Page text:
*I have three children, of course, so this is generally a figurative rather than a literal act.

When it’s a bad week… month… you can’t do that.

Anyway. It wasn’t a bad week. Or even a rough week. It just had some… you know. Rough spots. Bad thoughts.

You: And that disappointment.

Jane: It’s all good. I’m already over that. It’s Sunday.

I was happy on Wednesday. Productive on Thursday and Friday. Playful among all the chores on Saturday.

But I’m looking forward to Monday. My mini New Year. Blank slate.

kids report

I do want to tell you that this week, I was a very present mother and I experienced minimal guilt. Ender and I read every day—with a view to him mastering the art, not just at bedtime. I sprayed Bactine on Flora’s had when she cut it falling down in the alley and I paid attention to her fully when I played her chauffeur. I encouraged Cinder to NOT rush into his math test until he understood the material, and I helped him figure out how to identify the range of a quadratic equation (thank you, Khan Academy, fuck you, official math textbook). Ender and I went swimming, too. Everyone seems happy, thriving.

Can I sustain THAT for 31-36-40 months?

Maybe.

And I can’t start until I believe the answer is yes.

You: Idiot.

Jane: Shut up.

You: Also, hypocrite.

Jane: Fuck off.

I know… I know… the secret. Chunk it. Think in segments. Days—weeks—months (hours and minutes). Chapters—scenes—paragraphs—sentences—words.

Buildings blocks.

But I need to see and trust and commit to the big picture.

You: Well, I think you should…

Jane: Shut up. I did tell you, did I not? I don’t want your advice.

I’m just sharing some of doubt and process and demons because I’m tired of you thinking I have no feelings.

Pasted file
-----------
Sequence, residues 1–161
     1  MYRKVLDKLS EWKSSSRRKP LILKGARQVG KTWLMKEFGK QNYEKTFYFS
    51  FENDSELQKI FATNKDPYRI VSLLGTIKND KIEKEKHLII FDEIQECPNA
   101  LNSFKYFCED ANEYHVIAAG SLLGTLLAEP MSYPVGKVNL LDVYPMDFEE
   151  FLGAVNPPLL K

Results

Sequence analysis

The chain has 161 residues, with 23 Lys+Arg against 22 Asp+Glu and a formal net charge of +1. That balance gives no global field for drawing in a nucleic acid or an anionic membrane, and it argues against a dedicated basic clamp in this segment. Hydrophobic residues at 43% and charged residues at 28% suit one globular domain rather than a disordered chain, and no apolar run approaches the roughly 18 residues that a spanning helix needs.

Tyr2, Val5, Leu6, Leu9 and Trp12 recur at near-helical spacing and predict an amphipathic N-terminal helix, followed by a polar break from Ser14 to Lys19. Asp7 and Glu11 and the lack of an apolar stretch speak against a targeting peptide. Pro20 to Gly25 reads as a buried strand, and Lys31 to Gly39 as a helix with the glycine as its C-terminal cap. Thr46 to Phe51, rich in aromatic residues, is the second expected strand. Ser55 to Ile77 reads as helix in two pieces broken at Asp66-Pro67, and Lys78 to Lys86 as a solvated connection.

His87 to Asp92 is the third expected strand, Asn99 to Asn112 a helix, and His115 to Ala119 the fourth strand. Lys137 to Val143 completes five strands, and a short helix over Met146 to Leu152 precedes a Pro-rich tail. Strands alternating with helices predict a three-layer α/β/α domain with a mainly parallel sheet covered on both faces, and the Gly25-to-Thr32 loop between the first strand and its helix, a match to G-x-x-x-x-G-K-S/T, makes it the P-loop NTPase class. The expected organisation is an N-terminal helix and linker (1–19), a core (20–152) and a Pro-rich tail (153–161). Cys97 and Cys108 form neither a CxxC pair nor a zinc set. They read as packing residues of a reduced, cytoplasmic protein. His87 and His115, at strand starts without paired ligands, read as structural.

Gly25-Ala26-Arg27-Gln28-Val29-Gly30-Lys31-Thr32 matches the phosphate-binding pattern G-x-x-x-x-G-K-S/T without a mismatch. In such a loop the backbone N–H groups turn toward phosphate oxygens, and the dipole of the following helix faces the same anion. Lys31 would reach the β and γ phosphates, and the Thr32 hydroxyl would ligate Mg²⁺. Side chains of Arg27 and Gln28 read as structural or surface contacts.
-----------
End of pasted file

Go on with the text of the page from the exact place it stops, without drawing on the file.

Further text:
But that’s another story.

Ender: Mama! Tortilla?

Sigh.

Jane: Coming.

It’s the sixth cheese tortilla I’m making him today…

i’m hungry

When Flora says “I’m bored,” she means her demons are rattling the cage and she needs to be held and loved and told she exists and is an important, unique snowflake.

Ender’s code phrase is “I’m hungry.” When he says he’s hungry, he means “I need you to show me that I’m important to you and that you will take care of me.”

So while, when Flora says, “I’m hungry,” I can tell her to eat an apple or go scavenge in the fridge, when Ender says, “I’m hungry,” I have to make him the fucking tortilla.

And not grumble if he doesn’t eat it all.

It’s sort of a metaphor.

These days, though, he’s going through a growth spurt, so he eats most of the love I make for him.

When Cinder experience existential angst, he punches holes in the walls, runs up and down the hallway, or throws himself on the floor and cries.

He’s the kid I understand best.

(I leave it to you to slot us into the Introvert/Extrovert categories if you like)

I love them all so much it hurts.

speaking of pain

I’m now 100% sure the Buddha was wrong about pain, suffering, and desire. Cowardly rather than enlightened, actually. So is that… a meditation fail? Or my own enlightenment?

lifestyle

Sean’s trying to diplomatically describe to Flora why we don’t spend a lot of time with a family with whom it would be… convenient, let us say, for us to have more of a relationship with.

Sean: In case you haven’t noticed, they don’t really share our hippie lifestyle.

Flora: Wait. We’re hippies?

Sean: The only reason we don’t live in a tent on Vancouver Island and shit in a hole in the woods is because I’m here.

Jane: Hey!

Flora: OMG, you’re right. I never thought about it. If it was up to Mom, we’d be like Pippa’s family and travel around the world in a camper van, wouldn’t we?